One reason for this apparent nonchalance, apart from the naivety and arrogance, is the way Facebook likes to self-identify as just a ‘platform’. This is what every tech firm wants to be. It means your software is the basis for other companies and consumers to come and create whatever they want. The platform companies aim to lock you in to their platform, so that you use their services and no-one else’s. It is why they all have their own operating system, browser, communication services, music and content services and hardware such as phones and Alexa-type devices. Every little piece that you do on that company’s platform locks you in a bit more. It is why most people are either Apple iPhone users or Google Android owners: once you are in, it is very hard to get out. One of the problems with the ‘we are just a platform’ argument is that it allows companies to absolve responsibility from the bad stuff that is going on.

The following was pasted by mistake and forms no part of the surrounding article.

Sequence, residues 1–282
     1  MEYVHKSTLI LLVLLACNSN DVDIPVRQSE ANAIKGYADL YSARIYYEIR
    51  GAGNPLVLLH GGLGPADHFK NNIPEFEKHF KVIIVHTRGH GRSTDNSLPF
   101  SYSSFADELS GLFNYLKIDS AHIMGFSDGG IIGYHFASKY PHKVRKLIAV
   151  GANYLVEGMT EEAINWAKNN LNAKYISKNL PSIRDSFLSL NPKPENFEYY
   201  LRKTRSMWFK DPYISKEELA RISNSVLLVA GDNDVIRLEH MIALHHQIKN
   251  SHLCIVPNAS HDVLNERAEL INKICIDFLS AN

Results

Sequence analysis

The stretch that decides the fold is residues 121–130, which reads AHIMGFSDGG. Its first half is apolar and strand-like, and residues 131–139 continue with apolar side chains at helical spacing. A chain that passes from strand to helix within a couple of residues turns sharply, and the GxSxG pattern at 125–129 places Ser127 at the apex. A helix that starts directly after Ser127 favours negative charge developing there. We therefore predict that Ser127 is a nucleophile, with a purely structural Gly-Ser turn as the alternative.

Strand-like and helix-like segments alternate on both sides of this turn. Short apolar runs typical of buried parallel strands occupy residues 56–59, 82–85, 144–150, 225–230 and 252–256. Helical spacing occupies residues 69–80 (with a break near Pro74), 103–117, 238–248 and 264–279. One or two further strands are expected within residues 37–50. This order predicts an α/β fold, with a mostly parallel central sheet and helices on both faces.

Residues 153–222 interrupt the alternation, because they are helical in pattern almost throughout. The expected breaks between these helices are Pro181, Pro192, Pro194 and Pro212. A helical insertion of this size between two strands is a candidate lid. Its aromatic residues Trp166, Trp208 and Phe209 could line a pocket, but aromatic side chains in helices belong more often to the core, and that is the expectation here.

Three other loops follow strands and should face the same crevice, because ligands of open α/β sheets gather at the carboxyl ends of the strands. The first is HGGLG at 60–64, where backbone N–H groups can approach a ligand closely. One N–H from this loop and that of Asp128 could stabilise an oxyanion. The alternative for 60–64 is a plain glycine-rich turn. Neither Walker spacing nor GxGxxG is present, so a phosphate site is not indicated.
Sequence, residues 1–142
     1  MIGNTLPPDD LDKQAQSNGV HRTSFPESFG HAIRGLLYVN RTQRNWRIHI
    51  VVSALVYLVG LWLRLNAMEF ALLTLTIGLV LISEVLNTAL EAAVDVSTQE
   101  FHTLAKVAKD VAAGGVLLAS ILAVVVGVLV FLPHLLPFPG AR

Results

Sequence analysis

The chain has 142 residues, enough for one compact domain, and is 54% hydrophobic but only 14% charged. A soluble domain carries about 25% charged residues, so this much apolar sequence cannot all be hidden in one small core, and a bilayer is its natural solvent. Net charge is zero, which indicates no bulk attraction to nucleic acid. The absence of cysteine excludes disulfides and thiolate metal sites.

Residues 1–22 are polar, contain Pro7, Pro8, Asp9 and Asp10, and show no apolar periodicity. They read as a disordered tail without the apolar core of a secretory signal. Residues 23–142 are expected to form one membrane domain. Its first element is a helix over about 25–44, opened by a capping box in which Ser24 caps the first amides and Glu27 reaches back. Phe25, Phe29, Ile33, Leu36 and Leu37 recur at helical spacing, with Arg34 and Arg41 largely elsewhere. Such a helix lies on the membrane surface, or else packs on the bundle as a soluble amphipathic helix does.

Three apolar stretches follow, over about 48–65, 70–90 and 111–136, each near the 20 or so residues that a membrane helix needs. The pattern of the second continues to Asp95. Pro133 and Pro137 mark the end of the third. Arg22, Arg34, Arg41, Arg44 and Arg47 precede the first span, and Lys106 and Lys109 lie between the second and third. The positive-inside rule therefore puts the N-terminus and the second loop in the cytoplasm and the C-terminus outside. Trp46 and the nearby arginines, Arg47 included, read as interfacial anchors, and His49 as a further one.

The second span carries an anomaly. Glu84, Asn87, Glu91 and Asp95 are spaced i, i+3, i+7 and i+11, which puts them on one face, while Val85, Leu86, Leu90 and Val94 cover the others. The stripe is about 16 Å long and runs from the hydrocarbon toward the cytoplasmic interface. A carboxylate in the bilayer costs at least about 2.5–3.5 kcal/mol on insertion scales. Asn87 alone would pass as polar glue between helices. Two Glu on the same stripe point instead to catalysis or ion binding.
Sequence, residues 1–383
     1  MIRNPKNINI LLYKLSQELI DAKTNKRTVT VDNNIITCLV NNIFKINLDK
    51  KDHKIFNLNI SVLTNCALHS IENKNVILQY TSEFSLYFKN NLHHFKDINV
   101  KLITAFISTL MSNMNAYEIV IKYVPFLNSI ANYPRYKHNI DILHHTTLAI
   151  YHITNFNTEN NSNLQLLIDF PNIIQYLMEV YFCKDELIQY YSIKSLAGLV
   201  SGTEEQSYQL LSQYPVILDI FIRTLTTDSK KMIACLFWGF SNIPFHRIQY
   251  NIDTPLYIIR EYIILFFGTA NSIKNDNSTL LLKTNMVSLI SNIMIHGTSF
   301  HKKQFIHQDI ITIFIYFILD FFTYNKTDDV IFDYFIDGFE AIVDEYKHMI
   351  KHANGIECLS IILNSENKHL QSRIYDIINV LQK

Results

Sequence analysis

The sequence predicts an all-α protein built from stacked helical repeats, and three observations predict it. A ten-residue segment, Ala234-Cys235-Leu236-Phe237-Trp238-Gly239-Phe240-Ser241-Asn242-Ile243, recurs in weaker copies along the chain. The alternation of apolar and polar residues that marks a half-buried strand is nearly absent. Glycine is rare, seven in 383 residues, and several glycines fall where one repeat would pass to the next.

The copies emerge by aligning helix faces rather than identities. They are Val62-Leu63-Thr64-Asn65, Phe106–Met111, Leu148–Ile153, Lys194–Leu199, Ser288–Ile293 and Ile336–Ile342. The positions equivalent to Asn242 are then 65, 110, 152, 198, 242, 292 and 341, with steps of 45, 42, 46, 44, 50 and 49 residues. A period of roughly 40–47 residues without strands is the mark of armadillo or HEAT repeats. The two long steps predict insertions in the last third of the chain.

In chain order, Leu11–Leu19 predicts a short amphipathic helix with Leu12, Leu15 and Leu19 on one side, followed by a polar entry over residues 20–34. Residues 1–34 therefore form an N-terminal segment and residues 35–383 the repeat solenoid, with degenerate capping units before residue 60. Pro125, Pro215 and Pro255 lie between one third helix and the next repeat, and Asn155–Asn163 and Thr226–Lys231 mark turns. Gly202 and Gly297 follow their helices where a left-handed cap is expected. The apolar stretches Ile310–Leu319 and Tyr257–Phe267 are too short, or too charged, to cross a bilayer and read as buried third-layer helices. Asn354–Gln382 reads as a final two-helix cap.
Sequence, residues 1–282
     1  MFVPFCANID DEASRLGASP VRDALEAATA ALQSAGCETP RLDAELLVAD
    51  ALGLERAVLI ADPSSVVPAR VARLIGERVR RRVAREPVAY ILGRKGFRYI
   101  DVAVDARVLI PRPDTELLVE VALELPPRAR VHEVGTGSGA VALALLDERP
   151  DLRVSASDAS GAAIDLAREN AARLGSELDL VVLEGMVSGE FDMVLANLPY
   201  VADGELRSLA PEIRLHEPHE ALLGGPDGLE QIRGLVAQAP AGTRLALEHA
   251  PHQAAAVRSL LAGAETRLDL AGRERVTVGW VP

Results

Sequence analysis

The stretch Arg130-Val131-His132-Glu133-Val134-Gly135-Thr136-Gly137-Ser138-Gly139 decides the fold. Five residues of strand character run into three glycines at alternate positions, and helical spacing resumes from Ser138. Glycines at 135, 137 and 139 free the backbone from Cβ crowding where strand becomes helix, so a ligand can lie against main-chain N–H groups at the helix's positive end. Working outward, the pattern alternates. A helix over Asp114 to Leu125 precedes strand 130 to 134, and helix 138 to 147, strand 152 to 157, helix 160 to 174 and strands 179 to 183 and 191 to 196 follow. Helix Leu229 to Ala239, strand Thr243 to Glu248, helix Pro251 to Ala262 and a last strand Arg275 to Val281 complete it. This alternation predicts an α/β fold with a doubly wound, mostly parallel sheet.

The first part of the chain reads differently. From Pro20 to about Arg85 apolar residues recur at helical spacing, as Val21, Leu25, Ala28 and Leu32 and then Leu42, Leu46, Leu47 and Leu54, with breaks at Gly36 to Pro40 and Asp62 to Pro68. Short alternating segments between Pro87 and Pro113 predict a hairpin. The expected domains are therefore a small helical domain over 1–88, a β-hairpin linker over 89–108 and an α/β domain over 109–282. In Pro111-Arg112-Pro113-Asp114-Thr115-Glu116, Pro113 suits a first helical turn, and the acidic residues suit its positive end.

A newspaper is not a platform. It publishes what its editors believe are the right things to publish for their audience. Those editors are legally accountable for that content. The tech platforms are desperately trying to argue that they are not publishers but platforms; that what other people publish or do on their platform is nothing to do with them. It is exactly this attitude that allowed ‘fake news’ to establish itself.

It is like saying that if you are a phone company and two crooks discuss a bank raid over the phone, that is nothing to do with you. We had a classic and difficult platform issue in the early 2000s at Microsoft’s MSN. This was relatively early in the history of the internet and we had chatroom technology that was fun, interesting, a bit scary and mostly unpoliced. In the UK, we started to get a lot of heat about how paedophiles were going into these chatrooms to groom children.